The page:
The Tempe Master Plan is providing the University with a new objective to improve academic resources for both students and faculty on the Tempe campus.
Five years after the Tempe Master Plan Update was released in 2011, the University is preparing to enhance their new master plan by looking at enrollment projection and replacing academic research buildings and residential areas for students. The plan contains objectives set by the University and developers which they hope to achieve in future years.
Edmundo Soltero, assistant vice president for the Office of the University Architect, said in 2011, the University set an enrollment target of 60,000 students for the Tempe campus by 2020. Currently, the campus has an enrollment of 51,469, according to the Master Plan Update.
“The master plan materializes once we get those projections as to where the school is turning in terms of growth,” he said.
Research and Architectural Developments
The plan hopes to expand on current developments in the University.
According to Soltero, the Ira A. Fulton Schools of Engineering, for example, has a projection to grow by 5 percent, and that means that they need renovations in addition to their buildings.
“We have a lofty goal of increasing research expenditures to $750 million,” Soltero said.
For instance, Soltero said a building that is part of the master plan is Biodesign Building C, a roughly an 185,000 square feet new research building that expected to be finished by December 2017.
Specific developments like this are what the plan is about.
The plan indicates that the University will need an additional 1.67 million square feet to complete all their developments. To resolve the need for space, Soltero said they will begin to replace old facilities on campus.
“We’re tearing the buildings up and replacing them with something that reflects the character at ASU a little bit better,” Soltero said. “It will have a signature to it, and by that I mean material selections that are different than just plain grey concrete.”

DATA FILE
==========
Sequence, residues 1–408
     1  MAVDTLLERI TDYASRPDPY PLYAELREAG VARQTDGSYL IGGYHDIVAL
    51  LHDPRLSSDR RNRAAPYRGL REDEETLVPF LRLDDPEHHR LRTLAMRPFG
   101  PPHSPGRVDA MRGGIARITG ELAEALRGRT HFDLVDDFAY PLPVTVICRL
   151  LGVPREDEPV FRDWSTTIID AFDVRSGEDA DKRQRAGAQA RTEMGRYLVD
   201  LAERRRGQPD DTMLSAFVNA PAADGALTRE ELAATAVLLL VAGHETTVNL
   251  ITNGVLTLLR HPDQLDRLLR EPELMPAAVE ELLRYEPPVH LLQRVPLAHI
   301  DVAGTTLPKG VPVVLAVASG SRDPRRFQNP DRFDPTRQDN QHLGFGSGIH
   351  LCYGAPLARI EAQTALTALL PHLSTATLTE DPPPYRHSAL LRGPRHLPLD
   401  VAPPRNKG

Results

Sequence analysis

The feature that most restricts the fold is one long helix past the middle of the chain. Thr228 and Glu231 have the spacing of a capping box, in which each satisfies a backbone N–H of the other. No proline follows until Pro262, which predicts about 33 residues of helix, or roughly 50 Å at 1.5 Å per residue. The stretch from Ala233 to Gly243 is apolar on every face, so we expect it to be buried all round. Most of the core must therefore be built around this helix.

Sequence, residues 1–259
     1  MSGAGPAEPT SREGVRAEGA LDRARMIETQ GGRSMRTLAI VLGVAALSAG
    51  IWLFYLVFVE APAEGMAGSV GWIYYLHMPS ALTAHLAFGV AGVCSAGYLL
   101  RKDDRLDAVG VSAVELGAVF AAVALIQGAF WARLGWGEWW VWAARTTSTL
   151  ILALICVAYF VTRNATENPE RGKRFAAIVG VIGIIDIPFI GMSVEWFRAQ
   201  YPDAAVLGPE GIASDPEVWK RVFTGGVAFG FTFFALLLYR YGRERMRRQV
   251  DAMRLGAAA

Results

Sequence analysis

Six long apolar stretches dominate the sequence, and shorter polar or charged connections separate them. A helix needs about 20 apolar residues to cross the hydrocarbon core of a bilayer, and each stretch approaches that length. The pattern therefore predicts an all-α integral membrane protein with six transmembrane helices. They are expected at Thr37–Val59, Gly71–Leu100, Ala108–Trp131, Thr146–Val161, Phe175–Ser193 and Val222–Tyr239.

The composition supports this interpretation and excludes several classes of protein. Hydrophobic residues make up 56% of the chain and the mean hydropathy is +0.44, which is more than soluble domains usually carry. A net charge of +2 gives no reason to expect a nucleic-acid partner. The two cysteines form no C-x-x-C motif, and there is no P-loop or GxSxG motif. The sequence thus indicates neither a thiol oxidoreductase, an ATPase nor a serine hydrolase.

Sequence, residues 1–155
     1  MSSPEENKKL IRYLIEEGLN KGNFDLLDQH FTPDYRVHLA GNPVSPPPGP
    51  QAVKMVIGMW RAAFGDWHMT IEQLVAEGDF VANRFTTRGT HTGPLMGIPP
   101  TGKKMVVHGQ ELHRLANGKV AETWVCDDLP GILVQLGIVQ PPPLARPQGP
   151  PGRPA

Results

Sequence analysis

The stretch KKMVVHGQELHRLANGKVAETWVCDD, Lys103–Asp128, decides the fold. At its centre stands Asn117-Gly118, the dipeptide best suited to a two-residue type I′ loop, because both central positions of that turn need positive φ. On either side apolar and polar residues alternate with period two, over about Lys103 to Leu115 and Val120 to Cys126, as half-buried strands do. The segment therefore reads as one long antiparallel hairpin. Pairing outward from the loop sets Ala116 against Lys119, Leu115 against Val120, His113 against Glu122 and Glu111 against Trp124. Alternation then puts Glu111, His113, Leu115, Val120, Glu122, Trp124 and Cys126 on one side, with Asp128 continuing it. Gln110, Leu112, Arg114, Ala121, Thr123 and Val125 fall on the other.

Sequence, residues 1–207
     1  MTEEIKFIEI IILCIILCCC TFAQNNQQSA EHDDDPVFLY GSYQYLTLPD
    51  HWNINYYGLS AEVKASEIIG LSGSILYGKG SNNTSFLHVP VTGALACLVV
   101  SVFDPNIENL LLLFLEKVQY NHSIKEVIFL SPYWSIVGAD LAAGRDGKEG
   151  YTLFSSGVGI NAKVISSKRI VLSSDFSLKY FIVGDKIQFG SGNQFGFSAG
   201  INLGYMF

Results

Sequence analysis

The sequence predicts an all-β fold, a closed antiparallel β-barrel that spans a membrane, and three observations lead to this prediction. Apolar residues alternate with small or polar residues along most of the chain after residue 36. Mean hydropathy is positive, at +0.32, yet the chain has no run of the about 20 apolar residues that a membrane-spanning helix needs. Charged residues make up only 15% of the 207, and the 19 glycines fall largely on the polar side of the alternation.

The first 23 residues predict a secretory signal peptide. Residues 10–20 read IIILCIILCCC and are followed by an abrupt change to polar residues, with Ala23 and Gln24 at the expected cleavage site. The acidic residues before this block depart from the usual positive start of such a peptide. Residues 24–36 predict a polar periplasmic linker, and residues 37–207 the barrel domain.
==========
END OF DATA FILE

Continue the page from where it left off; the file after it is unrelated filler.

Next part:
The first phase of the development process will begin on Orange Mall.
“We have embarked on a project to redo all the malls on campus, that’s going to be a ten-year project,” Soltero said. “And what that means is removing all the existing concrete in the malls where you walk, and redoing those so you have a signature to them, and by that I mean they’ll have an integral design.”
There are also plans to increase the student housing population on campus.
University Housing at ASU set a target of a 25 percent increase of its student body on the Tempe campus.
“One of the projects we are aiming to do that’s part of that goal is housing 20,000 students in residence halls on campus,” Soltero said.
According to Soltero, part of the master plan effort is building a 1,400 bed residence hall between Palo Verde East and Palo Verde West, which is now under construction.
Kellie Cloud, executive director of University Housing and Fraternity and Sorority Life, said the residential college experience provides an environment that has a positive impact on a students’ experience by providing resources and support that complement academic life.
“Because we are committed to housing as many freshmen and upper-class students who desire an on-campus experience, we are continually evaluating at our facilities to ensure we can meet student demand,” Cloud said.
By setting an enrollment target of 60,000 students, the University has also began taking measures to increase parking on campus.
Melinda Alonzo, director of Parking and Transit Services at ASU, said the University is in the process of beginning a 10-year comprehensive parking and transportation master plan, taking into consideration all planned development, enrollment goals and other trends to address future need and quantities of parking infrastructure.
“We have started a parking master planning study, so that’s already in progress,” Soltero said. “The idea is to determine what we need to do in terms of sort of a good mixture between public transportation and adding additional parking garages.”
Soltero said there is a lot of development that is happening north of the campus, so the University is also working on a long-term plan with the City of Tempe to determine if there is any sort of reciprocity they can take advantage of.
In terms of the biggest plans for the coming years, Soltero said it is mainly supporting enrollment growth.
“We have a tremendous amount of renovation projects that are already going on,” he said. “More than likely they are going to be in the science, engineering, and math colleges, and that’s where were seeing a lot of growth.”